Playing with Presence is a three part series geared towards pianists and those with sedentary jobs. Its aim is to cultivate awareness of the body, establishing a calmer and healthier approach to playing and working. Today’s entry will examine the Alexander Technique.
They say that life never moves in a straight line. Although I’ve always been an industrious student, I’ve never really had a clear sense about where I was going when it came to a career. At one point in time I wanted to become a pilot, I even did the ground school for it. But for some reason that, like many things, never materialized. In my final year of high school it came time to decide what to do next.
Of course, there was always music. I had played piano most of my life, and when I wasn’t Continue reading
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Musicians don’t always come from musical families. My uncle Leif, on my mother’s side, was a trained baritone, guitarist, and music teacher, so I knew the music gene was in there somewhere. But my parents were not trained musicians, though they liked listening to Elvis, John Denver, and the 3 Tenors, and my mother did enjoy singing and playing the autoharp.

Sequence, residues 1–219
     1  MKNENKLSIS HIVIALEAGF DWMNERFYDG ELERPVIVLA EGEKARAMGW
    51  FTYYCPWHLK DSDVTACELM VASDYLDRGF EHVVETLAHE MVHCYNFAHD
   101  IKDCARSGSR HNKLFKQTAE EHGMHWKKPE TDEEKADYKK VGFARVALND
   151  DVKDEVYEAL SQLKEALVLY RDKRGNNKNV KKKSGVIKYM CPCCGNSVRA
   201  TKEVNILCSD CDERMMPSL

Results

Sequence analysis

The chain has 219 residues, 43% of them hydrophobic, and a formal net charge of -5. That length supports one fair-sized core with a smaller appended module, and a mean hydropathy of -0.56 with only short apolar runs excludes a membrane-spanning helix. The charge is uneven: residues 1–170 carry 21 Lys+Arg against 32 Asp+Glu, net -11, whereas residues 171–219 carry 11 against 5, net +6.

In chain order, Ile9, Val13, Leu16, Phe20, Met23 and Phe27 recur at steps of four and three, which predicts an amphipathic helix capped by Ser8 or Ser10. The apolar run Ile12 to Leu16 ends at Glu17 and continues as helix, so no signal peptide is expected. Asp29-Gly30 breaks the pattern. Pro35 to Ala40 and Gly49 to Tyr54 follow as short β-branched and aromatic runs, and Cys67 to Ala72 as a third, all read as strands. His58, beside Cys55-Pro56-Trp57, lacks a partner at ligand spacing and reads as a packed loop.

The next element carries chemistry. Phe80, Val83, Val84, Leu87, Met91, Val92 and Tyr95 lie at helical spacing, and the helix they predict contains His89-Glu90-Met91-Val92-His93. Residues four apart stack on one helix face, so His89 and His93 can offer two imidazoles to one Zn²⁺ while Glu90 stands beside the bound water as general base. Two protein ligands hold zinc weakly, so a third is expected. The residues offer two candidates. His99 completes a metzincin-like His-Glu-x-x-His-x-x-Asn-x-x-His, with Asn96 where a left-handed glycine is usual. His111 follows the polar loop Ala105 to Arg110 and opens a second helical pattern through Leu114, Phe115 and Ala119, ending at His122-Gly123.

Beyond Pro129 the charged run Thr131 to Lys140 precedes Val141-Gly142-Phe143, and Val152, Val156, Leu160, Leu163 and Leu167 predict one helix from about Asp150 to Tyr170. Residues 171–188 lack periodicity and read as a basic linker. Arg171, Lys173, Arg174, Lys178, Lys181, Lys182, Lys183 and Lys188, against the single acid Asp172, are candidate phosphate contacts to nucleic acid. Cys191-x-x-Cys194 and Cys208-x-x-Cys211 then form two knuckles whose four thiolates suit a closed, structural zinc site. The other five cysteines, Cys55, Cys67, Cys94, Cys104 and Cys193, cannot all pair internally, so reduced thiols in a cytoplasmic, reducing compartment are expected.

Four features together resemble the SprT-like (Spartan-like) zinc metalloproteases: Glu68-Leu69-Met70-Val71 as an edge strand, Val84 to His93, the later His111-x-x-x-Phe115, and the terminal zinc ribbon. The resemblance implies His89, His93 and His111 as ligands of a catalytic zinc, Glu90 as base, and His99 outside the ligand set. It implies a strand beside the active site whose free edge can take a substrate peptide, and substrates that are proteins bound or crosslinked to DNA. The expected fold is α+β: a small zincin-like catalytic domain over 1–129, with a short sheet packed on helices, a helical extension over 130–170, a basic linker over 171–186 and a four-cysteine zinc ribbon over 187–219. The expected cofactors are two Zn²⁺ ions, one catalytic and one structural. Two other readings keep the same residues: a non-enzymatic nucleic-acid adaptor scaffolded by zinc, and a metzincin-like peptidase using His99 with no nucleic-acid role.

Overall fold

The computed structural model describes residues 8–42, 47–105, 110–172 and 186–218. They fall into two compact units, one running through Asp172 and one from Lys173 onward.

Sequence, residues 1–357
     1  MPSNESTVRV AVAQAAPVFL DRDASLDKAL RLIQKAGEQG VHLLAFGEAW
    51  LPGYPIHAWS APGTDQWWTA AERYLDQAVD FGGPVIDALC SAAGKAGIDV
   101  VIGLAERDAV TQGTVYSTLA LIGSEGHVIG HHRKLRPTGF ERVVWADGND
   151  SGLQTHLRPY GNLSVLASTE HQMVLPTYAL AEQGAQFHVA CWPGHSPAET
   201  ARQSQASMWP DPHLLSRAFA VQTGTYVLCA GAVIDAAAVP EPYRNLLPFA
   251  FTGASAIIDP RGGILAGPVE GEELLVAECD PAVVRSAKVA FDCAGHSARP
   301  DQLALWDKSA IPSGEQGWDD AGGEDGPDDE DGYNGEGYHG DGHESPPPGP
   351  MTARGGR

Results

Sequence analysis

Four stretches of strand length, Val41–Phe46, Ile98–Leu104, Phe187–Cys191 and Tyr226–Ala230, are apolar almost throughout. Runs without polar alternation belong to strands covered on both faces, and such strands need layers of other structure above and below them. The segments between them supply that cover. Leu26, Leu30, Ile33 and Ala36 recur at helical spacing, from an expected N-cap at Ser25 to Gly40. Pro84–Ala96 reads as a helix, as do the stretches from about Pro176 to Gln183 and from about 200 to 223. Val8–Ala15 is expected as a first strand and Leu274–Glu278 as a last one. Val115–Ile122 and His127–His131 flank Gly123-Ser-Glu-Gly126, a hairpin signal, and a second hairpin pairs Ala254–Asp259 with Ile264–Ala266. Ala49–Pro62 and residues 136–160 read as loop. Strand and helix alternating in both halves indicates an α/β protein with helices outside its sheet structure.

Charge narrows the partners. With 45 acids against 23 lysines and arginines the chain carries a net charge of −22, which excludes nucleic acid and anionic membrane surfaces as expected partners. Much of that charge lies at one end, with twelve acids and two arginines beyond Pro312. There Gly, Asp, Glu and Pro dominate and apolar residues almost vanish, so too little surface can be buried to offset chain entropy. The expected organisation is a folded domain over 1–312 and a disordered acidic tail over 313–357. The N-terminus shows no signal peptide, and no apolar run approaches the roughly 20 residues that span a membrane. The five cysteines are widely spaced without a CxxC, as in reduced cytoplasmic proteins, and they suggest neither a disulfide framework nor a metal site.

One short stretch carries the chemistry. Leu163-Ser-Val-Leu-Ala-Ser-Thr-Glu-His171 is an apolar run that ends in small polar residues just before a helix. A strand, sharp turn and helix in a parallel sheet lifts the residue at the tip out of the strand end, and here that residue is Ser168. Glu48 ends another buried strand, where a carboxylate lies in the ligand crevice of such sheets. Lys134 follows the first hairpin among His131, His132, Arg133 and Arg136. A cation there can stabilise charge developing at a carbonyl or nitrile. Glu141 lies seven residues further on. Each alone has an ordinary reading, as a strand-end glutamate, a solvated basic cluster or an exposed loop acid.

This fact didn’t hinder my dad, when they met with a new piano teacher who wanted to know more about the parents.
During my mid teens, I remember performing Mozart’s Fantasia in D minor for the grade 9 piano category in Guelph Kiwanis Music Festival. There was a good handful of students in this class. I didn’t have a lot of experience performing in competition, so as with many young performers, my nerves got the best of me.
Something that I don’t mention in my personal bio is my experience with my first piano teacher.
When I was 5 my parents enrolled me in a local music school which they had thought was an extension of the Royal Conservatory of Music. Though the name was similar it was everything but, as we discovered over the next couple of years.